The deck is well supplemented by tribal pieces like Elvish Promenade, Return upon the Tide and the newly printed Wolverine Riders which all help the deck to spit out a board of elves and threaten opponents with massive amounts of damage. Voice of the Woods also allows you to utilise your meek 1/1s to summon a massive 7/7 late game Creatures just to spit in your opponent’s face. 

But what if your opponent is playing a pillowfort strategy? With Propaganda, Ghostly Prison and Sphere of Safety all on the battlefield? 

Well, you could always shoot them to death with Lathril, or you could hit them big with a Skemfar Shadowsage activation and hit them so hard they don’t see it coming!

Alternatively, use your Reclamation Sage to blow them up! 

“This deck is weak to Wraths and Board Wipes!” I hear you say! And yes, though it may suffer from a lack of recursion and board protection, you can always rely on your trusty Elderfang Ritualist… to return your 1 single elf…

Well either that or hope they were foolish enough to board wipe when you had Moldervine Reclamation or Poison-Tip Archer

As for the mana base, the deck suffers from the tapped land issue, but at least the Lands added in have meaning, with Command Tower, Path of Ancestry and Skemfar Elderhall being the generally better cards to use in the deck, with added support from Myriad Landscape as a ramp card, though you’ll mostly be relying on cards like Elvish Mystic, Farhaven Elf and Marwyn, the Nurturer as a way to generate mana efficiently


If there ever was an “easiest Precon deck” to upgrade, this would be the king. The number of elf tribal pieces available from previous sets is immense, from Priest of Titania to Freyalise, Llanowar’s Fury to even simple elf lords like Elvish Clancaller and Elvish Champion. The number of ways to upgrade and optimise this deck is nigh infinite, with most pieces being easily available, even if they may be a bit pricey.

Simultaneously, this deck can benefit greatly from the addition of great green staples, such as Concordant Crossroads, Sylvan Library, Eternal Witness and even the Modern staple Collected Company.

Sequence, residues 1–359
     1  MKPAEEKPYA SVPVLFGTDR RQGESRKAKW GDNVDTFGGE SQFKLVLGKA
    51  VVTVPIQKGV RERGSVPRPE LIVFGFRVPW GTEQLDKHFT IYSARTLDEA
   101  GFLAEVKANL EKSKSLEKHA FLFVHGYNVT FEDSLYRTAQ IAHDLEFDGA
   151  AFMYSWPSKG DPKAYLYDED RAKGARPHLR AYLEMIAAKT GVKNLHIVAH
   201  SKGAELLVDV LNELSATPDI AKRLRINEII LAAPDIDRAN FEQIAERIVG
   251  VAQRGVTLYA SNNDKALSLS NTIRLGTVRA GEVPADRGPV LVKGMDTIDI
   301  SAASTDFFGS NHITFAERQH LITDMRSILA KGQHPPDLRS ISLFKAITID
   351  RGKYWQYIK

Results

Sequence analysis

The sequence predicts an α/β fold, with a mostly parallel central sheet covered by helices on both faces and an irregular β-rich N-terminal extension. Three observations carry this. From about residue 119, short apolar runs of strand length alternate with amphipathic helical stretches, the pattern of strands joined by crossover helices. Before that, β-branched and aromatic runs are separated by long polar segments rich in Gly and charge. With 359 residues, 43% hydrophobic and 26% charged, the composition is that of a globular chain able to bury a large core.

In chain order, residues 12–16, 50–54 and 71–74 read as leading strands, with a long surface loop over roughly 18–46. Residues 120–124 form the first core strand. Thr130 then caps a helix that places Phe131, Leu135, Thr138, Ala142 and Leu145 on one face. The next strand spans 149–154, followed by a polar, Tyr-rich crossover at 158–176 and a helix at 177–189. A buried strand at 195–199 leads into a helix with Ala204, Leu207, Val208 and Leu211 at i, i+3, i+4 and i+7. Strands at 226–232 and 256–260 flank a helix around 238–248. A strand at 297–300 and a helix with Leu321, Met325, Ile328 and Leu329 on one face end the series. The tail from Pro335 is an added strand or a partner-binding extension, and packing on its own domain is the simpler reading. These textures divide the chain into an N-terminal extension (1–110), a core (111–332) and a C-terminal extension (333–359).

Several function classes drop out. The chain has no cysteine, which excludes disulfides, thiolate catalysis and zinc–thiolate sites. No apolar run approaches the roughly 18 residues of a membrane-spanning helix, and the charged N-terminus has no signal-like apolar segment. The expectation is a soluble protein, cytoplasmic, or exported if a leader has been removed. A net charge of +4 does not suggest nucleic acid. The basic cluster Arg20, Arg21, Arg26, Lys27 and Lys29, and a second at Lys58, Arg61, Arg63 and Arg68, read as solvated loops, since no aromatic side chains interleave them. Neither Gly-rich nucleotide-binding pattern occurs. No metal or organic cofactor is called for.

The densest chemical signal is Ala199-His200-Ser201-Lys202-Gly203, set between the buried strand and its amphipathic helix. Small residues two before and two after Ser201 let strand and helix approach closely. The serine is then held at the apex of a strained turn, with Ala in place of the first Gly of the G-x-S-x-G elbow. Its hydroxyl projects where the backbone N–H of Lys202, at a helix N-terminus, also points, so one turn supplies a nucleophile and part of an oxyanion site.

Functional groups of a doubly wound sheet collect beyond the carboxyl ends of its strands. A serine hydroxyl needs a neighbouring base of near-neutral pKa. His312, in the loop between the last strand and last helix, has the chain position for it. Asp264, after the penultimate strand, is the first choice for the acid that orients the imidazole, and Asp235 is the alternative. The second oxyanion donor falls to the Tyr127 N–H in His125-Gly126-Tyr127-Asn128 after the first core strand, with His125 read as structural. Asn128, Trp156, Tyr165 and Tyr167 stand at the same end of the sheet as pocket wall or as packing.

In addition, there are a significantly large number of ways to improve this deck going forward.

Eternal Witness can be a good upgrade to your Lathril Kaldheim Commander Precon deck
“Eternal Witness” by Chris Rahn

Going for a token-based “Go-Wide” strategy?

Pick up a copy of Akroma’s Memorial or Ezuri, Renegade Leader and a Joraga Visionary to hit them for 20 on turn 4!

Going for Elfball/ Elf Combo?

Top the deck up with Heritage Druid, Priest of Titania, Nettle Sentinel and Seedborn Muse!

Going for Elvish Aristocrats? 

Build up your forces with Lathril and sacrifice them to effects like Ashnod’s Altar or Phyrexian Altar for the mana to hit your opponents with a large Return of the Wildspeaker or Walking Ballista

The possibilities are endless!

Beginner Friendliness:

When I was a new player to Magic, I was often stunned by the versatility of creature combat, and how it differs from other major games like Yugioh and Hearthstone. Elves play into the middle ground, offering an easily growing board state, constant pressure on enemy life totals, while also requiring you to be on your toes as you learn not to play into large board wipes or Toxic Deluge effects. 

The deck offers an easy game plan to follow, and doubles up with a strongly built deck with little to no problem colour fixing and casting their cards, with sufficient support by the newly printed cards to allow the deck to sweep even optimised decks at casual tables.


Though this deck has most of its financial value concentrated in one key card, Rhys the Exiled, it also contains other Elf tribal staples, like Elvish Promenade and Elven Ambush. Most of the other cards are holding high price tags as of prerelease due to their very limited supply and decently high demand. I expect most of them to fall in value quite fast once the set is released.

As for staples, this deck offers very little in the way of non-elf tribal cards. Voice of many may see play in a few token decks, while Beast Whisperer is an amazing card draw engine in green-inclusive decks. But aside from the two, most of the other cards won’t see play in other archetypes at all, save for the occasional deck running Moldervine Reclamation as a budget draw engine.


As another Precon deck that can be preordered via your local game store, on release it is very unlikely for this deck to be in scarce supply, unless there are shipping or distribution issues within your country. 

Simultaneously, due to this Precon’s relatively large print run as compared to the 2017 Precon decks, these decks are unlikely to be in short supply even 1 year into the future. (Again, this is assuming no sudden spikes in card prices leading to mass buyouts).

Overall Rating:

I honestly think that this is the highest score I’ve ever given a deck in this series, and for good reason! A well designed deck with strong existing and newly printed support coupled with decent card value and relatively high print runs.

This is the trademark of a good precon deck, and it’s a gold standard that I hope Wizards will attempt to push for in the future.

So, These are my thoughts on the Kaldheim Commander Precon decks! Do let me know at if you have any comments that you’d like me to see, or if you wanna suggest an idea for a Commander deck that I should tackle. 

Drawn in by the game's stunning visuals, Digi joined during the Ixalan block (2017), and has since been burning a hole in his wallet to upgrade his ever-growing roster of Commander decks.